It is a mistake to believe that the right can be appeased by concessions. They will not be happy until they take the party all the way back to New Labour as it existed under Tony Blair. They support privatisation, cuts and war. Eleven members of his own Shadow Cabinet voted in favour of the Tories’ proposal to extend UK participation in bombing raids into Syria. They believe that they have an automatic right to their positions as MPs, MEPs and councillors and will oppose any attempts to introduce democratic accountability or reselection procedures with all means at their disposal – fair or foul. Ultimately, self-interest is their only guiding principle.
The majority of members support the idea of having elected representatives who represent the new politics of the Labour Party under Corbyn. They do not want to see their councillors implementing cuts or their MPs voting with the Tories for war or attacks on welfare spending.
No one can fail to observe that Corbyn and his close ally John McDonnell are in a difficult position. They are surrounded by MPs who would readily stab them in the front, never mind in the back. But the leadership pair cannot hope to win by seeking to placate their opponents. It is therefore welcome that it appears that Corbyn will carry out a shadow cabinet reshuffle, removing Hilary Benn as shadow Foreign Secretary and Maria Eagle as shadow Defence Secretary. If he does this, it is likely that other right-wing shadow cabinet members will resign. This is a good thing. Corbyn and McDonnell must base themselves on the massive support they have in the wider party and trade union movement.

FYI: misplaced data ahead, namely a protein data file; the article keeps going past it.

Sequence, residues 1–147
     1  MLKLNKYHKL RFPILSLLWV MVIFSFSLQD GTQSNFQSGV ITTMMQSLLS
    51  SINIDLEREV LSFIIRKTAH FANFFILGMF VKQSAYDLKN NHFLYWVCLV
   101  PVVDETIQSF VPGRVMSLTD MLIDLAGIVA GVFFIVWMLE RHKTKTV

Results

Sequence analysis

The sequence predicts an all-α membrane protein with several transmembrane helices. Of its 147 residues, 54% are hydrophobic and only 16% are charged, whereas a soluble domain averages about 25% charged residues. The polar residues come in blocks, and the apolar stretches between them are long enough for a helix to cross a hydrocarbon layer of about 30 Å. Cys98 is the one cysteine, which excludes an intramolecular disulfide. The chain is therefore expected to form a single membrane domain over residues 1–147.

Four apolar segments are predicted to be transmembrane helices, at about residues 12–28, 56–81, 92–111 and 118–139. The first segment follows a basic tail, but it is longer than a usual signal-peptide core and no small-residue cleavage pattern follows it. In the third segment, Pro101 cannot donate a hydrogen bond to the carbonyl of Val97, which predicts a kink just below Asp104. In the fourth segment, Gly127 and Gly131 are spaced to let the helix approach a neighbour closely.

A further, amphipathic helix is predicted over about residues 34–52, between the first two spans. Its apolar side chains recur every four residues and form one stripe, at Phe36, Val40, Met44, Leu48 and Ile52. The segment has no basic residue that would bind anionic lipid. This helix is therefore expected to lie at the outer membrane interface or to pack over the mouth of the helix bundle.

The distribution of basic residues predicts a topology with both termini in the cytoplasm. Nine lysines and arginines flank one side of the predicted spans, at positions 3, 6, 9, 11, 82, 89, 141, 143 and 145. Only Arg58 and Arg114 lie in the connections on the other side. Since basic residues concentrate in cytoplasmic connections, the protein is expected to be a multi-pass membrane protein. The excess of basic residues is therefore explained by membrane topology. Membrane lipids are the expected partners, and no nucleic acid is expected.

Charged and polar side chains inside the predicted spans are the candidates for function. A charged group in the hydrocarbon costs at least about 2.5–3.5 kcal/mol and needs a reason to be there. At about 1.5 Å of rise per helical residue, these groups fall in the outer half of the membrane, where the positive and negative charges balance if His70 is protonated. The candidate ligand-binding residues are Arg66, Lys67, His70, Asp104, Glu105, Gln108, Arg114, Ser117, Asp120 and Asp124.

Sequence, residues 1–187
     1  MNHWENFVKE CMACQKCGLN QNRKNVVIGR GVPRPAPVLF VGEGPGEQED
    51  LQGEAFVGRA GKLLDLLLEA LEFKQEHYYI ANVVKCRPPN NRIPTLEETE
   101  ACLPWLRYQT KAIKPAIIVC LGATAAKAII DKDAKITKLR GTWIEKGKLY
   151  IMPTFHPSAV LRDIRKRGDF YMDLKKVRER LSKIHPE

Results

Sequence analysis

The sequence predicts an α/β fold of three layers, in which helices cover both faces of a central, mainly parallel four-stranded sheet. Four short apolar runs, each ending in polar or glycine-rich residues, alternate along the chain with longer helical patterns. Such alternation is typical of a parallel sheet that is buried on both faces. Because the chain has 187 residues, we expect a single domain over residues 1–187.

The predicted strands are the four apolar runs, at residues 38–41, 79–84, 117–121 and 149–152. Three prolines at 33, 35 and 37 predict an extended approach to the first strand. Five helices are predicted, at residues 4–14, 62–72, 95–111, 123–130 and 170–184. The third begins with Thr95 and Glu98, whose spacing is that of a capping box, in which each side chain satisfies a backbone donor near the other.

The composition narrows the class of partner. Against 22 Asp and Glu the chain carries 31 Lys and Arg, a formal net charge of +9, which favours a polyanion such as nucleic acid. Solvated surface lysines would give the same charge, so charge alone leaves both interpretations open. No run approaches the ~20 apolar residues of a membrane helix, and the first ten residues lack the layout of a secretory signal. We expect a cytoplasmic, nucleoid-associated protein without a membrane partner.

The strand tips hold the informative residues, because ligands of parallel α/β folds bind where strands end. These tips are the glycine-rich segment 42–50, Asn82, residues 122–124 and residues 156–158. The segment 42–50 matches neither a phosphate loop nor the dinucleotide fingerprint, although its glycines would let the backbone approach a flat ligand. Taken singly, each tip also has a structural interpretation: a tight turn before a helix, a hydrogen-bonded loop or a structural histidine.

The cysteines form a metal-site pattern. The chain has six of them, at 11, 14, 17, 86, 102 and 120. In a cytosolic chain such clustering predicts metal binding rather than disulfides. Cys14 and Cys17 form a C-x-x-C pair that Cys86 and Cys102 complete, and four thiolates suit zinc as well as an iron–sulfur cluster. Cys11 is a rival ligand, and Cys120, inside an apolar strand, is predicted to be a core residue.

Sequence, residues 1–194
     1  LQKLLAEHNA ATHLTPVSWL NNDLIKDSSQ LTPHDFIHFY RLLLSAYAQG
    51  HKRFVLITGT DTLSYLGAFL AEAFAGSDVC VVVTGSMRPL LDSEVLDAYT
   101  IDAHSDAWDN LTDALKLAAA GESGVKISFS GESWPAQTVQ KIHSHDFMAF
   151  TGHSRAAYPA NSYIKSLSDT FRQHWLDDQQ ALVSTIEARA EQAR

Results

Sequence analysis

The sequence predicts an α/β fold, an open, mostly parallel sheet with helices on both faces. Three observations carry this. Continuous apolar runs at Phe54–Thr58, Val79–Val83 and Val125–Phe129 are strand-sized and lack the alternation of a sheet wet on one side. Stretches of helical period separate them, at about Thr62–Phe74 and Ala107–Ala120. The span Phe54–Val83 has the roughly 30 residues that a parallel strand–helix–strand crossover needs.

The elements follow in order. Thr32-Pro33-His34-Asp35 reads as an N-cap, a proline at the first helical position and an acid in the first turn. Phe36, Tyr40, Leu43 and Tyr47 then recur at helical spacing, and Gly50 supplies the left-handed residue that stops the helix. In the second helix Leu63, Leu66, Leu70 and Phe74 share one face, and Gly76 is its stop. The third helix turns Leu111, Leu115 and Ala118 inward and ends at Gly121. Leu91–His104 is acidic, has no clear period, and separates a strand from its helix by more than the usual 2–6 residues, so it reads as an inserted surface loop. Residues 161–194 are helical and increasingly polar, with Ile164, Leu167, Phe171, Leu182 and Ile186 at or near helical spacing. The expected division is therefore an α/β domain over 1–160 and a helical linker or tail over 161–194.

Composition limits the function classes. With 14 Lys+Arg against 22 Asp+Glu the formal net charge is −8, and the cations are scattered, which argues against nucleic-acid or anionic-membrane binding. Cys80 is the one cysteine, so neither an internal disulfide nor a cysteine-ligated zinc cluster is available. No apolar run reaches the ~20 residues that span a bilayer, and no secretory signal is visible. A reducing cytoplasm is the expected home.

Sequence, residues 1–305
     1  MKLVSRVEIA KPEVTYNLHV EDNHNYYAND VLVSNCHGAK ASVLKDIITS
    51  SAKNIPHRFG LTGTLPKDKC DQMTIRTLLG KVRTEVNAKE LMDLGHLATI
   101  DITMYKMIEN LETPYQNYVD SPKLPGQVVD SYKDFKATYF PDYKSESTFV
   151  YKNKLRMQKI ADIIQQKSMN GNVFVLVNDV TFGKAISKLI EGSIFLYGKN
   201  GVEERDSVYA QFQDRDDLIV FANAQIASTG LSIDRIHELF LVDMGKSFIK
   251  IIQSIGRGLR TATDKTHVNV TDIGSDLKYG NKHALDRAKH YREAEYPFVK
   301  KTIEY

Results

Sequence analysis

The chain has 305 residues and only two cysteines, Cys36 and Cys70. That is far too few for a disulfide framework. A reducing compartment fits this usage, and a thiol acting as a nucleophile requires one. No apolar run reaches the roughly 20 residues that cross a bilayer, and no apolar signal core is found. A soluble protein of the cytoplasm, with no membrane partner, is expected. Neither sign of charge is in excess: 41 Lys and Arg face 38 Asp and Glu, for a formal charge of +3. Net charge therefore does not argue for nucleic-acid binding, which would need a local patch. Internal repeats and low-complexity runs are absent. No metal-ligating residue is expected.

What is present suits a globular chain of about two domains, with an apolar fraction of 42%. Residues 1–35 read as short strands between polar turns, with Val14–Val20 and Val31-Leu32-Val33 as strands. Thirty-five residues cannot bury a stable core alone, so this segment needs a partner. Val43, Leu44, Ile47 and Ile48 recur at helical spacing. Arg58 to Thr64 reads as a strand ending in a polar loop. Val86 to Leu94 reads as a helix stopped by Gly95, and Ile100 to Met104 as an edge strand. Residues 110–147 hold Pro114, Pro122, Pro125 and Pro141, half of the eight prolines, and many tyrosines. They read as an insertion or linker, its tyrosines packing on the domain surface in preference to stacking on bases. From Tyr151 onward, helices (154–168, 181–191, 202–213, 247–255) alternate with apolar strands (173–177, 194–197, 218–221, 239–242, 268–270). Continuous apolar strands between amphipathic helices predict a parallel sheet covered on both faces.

It is, therefore, regrettable that Jeremy Corbyn has said that he does not call for the introduction of mandatory reselection of MPs and that John McDonnell has stated that no MPs will be deselected. Both must recognise that if they are to have any chance of staying in their positions and implementing their policies in government in 2020 and beyond there must be a change in the Parliamentary Labour Party. The right-wing fifth column must be removed. For the two to speak out against any deselection only serves to undermine their own supporters who may well have good reason for wanting to replace MPs who, for example, have voted for war or failed to oppose Tory welfare cuts or who have spoken out treacherously against Corbyn. Many Labour members will understandably want MPs that they can trust and rely on to stand up for Labour’s working-class voters.
A regular process of reviewing the performance of elected representatives is a basic element of party democracy and accountability. No MP or councillor should imagine that they have a right to remain in place for life. If they were doing a good job in the eyes of the membership then, no doubt, they would be reselected. If they were not, then they couldn’t really complain if they were replaced by someone more in tune with the political outlook of the members to whom they are accountable. This is a decision to be taken at local level and Jeremy Corbyn and John McDonnell must do everything they can to encourage and defend local accountability and democracy.
Oppose all cuts
A further disappointing development was a letter sent on 17 December 2015 to all Labour council leaders by Jeremy Corbyn, John McDonnell and Labour’s shadow communities and local government secretary Jon Trickett advising them against setting what have become known as ‘needs budgets’ or ‘no cuts budgets’. The letter followed the announcement by the Tory government of the latest local government settlement. This reduced council funding by a further 6.7% between 2016 and 2020, on top of the massive savaging of local council funding already imposed since 2010. As Jon Trickett himself commented, “The central message is the same as always: cuts, cuts and more cuts.”
Yet despite this, Trickett, Corbyn and McDonnell are telling Labour controlled councils that they must implement these cuts. This is a huge mistake and should be reversed. A debate needs to be had inside the Labour Party and trade unions about the role of Labour councillors and how to oppose Tory cuts.